Men are ripping off shingles across the street,
layer after blue, scratchy layer,
wrenching nails and flinging everything down.
The woman who lived there smashed her hip,
and as she was wheeled away-she rolled her eyes
when they told her she’d be home in a week.
She died alone miles from here.
In a new house-do you want to know
who died there, or if they were happy?
I never knew.
The men peel tar paper, toss each other
cans of pop, and clamber to the peak, whooping
with what sounds like joy. My day is lost.
They can see the bridge, the city
rising from the morning mist, the shimmer of water,
and are briefly silent.
In the mountains one summer,
we, too, made a new roof, our mouths full of nails,
Nina Simone on the radio; our tool belts clattering,
we swore we’d never leave.
The men sling blue tarps of trash
toward a truck and miss by a long shot.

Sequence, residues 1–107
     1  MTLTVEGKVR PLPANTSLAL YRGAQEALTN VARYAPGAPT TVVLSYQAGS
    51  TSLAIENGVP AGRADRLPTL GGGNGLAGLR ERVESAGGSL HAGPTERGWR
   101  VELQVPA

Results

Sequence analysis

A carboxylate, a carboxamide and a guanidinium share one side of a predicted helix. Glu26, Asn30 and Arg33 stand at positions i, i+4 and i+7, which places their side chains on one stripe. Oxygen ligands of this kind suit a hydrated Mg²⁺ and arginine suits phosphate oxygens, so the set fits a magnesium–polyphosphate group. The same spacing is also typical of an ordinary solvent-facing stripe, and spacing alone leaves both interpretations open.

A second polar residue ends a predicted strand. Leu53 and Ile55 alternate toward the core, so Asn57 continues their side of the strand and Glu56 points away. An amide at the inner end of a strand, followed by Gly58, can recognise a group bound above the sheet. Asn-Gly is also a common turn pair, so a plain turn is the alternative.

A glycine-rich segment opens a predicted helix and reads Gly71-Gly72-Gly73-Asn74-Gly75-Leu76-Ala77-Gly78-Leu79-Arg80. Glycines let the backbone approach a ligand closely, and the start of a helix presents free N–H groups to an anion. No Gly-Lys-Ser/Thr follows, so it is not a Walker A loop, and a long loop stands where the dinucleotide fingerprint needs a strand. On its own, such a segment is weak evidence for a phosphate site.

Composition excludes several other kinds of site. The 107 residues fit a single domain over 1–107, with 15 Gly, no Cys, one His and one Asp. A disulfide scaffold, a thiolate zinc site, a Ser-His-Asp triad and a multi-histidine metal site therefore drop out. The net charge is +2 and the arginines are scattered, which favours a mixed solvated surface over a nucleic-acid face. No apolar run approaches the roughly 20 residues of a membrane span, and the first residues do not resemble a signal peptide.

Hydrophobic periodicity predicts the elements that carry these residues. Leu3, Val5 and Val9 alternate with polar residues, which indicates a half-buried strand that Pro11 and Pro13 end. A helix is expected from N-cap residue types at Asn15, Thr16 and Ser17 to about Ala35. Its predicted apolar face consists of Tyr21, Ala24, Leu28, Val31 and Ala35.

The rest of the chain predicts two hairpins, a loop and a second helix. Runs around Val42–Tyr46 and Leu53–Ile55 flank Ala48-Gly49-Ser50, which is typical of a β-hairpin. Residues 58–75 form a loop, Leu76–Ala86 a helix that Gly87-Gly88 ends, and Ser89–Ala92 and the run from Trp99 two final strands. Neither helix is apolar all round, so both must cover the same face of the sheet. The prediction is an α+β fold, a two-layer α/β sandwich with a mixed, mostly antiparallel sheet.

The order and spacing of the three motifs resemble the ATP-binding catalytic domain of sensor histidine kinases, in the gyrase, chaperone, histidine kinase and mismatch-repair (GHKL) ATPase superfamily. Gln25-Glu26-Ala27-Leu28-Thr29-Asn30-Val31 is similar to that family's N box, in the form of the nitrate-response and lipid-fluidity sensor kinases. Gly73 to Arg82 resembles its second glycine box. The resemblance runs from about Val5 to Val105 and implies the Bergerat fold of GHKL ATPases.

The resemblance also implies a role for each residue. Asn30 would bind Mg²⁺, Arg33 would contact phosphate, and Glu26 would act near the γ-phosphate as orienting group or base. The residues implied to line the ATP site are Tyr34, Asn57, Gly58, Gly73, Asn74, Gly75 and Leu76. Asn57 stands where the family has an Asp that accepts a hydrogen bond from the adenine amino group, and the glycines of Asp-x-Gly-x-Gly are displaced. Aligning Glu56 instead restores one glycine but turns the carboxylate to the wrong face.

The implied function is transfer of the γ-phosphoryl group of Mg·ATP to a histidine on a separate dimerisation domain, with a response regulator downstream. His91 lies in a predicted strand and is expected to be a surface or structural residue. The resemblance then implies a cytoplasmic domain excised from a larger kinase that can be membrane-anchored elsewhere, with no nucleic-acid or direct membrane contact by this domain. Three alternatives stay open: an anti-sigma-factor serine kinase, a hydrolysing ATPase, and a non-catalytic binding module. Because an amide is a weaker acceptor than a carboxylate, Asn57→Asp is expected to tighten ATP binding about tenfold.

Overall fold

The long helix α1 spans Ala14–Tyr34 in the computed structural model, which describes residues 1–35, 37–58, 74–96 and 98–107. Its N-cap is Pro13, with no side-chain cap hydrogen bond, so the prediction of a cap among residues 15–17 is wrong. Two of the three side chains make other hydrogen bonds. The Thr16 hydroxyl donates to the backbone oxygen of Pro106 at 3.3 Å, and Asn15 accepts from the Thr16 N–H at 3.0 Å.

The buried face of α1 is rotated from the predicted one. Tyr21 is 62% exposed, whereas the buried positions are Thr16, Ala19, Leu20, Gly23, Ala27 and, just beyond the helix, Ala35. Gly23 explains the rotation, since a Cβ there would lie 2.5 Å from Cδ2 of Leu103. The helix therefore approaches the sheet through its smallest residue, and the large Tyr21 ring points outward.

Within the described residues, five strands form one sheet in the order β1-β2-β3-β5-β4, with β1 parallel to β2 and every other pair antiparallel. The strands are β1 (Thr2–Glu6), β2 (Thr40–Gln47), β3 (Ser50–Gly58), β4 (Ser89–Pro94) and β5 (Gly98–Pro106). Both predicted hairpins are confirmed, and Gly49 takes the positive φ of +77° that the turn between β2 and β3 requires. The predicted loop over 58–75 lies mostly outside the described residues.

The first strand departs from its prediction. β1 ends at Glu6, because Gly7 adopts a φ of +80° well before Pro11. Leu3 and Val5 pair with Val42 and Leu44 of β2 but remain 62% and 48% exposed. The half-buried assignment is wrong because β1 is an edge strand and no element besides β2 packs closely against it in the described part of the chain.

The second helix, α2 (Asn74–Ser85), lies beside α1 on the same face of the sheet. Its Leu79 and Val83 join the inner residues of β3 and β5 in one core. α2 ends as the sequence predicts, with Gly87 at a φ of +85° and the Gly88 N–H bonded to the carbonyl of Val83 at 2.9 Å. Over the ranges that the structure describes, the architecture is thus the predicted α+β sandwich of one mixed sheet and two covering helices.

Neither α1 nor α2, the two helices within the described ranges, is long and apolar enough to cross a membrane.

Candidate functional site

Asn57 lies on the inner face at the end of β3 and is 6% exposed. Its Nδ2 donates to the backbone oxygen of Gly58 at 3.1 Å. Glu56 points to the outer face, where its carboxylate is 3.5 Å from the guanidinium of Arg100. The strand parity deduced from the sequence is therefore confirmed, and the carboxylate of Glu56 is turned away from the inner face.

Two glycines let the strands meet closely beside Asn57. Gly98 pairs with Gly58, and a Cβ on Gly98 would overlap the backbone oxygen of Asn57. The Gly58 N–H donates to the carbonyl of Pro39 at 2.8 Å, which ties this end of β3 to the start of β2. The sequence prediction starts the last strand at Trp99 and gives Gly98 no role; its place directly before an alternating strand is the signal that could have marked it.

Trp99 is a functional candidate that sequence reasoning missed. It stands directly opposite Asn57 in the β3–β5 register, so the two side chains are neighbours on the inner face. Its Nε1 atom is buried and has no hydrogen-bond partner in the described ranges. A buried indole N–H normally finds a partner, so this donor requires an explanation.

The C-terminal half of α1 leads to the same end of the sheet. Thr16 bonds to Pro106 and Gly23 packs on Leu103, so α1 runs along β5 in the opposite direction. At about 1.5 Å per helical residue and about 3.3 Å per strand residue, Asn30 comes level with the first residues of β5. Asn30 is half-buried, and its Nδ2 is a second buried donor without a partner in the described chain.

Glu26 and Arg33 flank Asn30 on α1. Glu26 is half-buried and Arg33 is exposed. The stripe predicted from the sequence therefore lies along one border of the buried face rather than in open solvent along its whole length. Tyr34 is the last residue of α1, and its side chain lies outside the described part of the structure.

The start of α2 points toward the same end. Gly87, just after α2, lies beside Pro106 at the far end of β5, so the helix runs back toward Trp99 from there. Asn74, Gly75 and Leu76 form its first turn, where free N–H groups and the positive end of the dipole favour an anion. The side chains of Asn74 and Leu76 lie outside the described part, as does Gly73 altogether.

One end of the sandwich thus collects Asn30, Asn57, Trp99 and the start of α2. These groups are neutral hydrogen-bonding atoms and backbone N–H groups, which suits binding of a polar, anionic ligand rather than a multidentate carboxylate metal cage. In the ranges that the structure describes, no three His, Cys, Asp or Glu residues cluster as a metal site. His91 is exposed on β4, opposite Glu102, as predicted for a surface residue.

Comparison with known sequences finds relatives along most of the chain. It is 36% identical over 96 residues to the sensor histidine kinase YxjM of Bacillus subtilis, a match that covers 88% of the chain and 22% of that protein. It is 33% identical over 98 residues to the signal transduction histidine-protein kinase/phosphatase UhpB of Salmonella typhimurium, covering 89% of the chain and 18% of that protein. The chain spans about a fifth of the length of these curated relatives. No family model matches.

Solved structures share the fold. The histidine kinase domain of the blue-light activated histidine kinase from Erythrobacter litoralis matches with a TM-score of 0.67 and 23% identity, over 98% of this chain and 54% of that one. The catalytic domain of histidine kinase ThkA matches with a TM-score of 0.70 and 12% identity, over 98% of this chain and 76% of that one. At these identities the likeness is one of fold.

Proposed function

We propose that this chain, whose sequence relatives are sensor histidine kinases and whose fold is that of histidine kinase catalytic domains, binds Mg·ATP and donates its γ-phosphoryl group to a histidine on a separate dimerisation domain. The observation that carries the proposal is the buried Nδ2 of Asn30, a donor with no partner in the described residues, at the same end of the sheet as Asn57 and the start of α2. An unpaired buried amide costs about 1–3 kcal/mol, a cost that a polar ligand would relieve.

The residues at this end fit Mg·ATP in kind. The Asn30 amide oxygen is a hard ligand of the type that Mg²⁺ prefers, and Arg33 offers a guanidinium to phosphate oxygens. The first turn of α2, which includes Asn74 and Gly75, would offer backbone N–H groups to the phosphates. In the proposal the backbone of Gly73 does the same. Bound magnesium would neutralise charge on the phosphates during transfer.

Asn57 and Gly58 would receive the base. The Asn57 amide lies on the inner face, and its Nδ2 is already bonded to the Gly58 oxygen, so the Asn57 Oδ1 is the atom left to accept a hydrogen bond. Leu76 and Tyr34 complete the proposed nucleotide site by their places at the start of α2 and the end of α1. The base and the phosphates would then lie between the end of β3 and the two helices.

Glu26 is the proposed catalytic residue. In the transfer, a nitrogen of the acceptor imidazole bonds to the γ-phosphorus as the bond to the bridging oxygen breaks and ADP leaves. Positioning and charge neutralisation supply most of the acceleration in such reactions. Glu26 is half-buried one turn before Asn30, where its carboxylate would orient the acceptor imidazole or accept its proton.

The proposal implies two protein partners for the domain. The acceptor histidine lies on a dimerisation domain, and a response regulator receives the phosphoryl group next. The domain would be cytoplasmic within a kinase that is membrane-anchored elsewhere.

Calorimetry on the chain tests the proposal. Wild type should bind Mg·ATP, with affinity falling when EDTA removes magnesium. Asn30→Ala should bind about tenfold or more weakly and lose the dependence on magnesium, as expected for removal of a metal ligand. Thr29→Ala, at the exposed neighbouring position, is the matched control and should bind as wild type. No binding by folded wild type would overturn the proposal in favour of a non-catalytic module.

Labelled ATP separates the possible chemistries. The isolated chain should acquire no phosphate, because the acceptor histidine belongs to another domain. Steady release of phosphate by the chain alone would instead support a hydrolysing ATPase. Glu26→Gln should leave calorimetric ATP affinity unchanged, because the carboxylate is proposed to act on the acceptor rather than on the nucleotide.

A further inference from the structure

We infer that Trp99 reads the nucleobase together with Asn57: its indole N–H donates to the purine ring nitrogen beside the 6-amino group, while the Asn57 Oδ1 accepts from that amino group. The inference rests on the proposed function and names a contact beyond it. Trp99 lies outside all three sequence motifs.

Junk in the streets, they whoop again.
My neighbor walks his white dog, lets it pee
on the lavender. If he looked up, he’d see me
twirling a pen, spying.
Because of old, wavy window glass,
outside life is watery-the neighbor,
his dog, the workmen swimming,
the houses floating, a dreamed scene.
When we had nailed the final shingle, a deer
ran beneath us and then a coyote. They circled
the house and ran into the woods, the distance
between them unchanging. Watching was intimate
and awful. It was hard to choose: the deer
who devoured our lettuce or the coyote
with his fierce desire.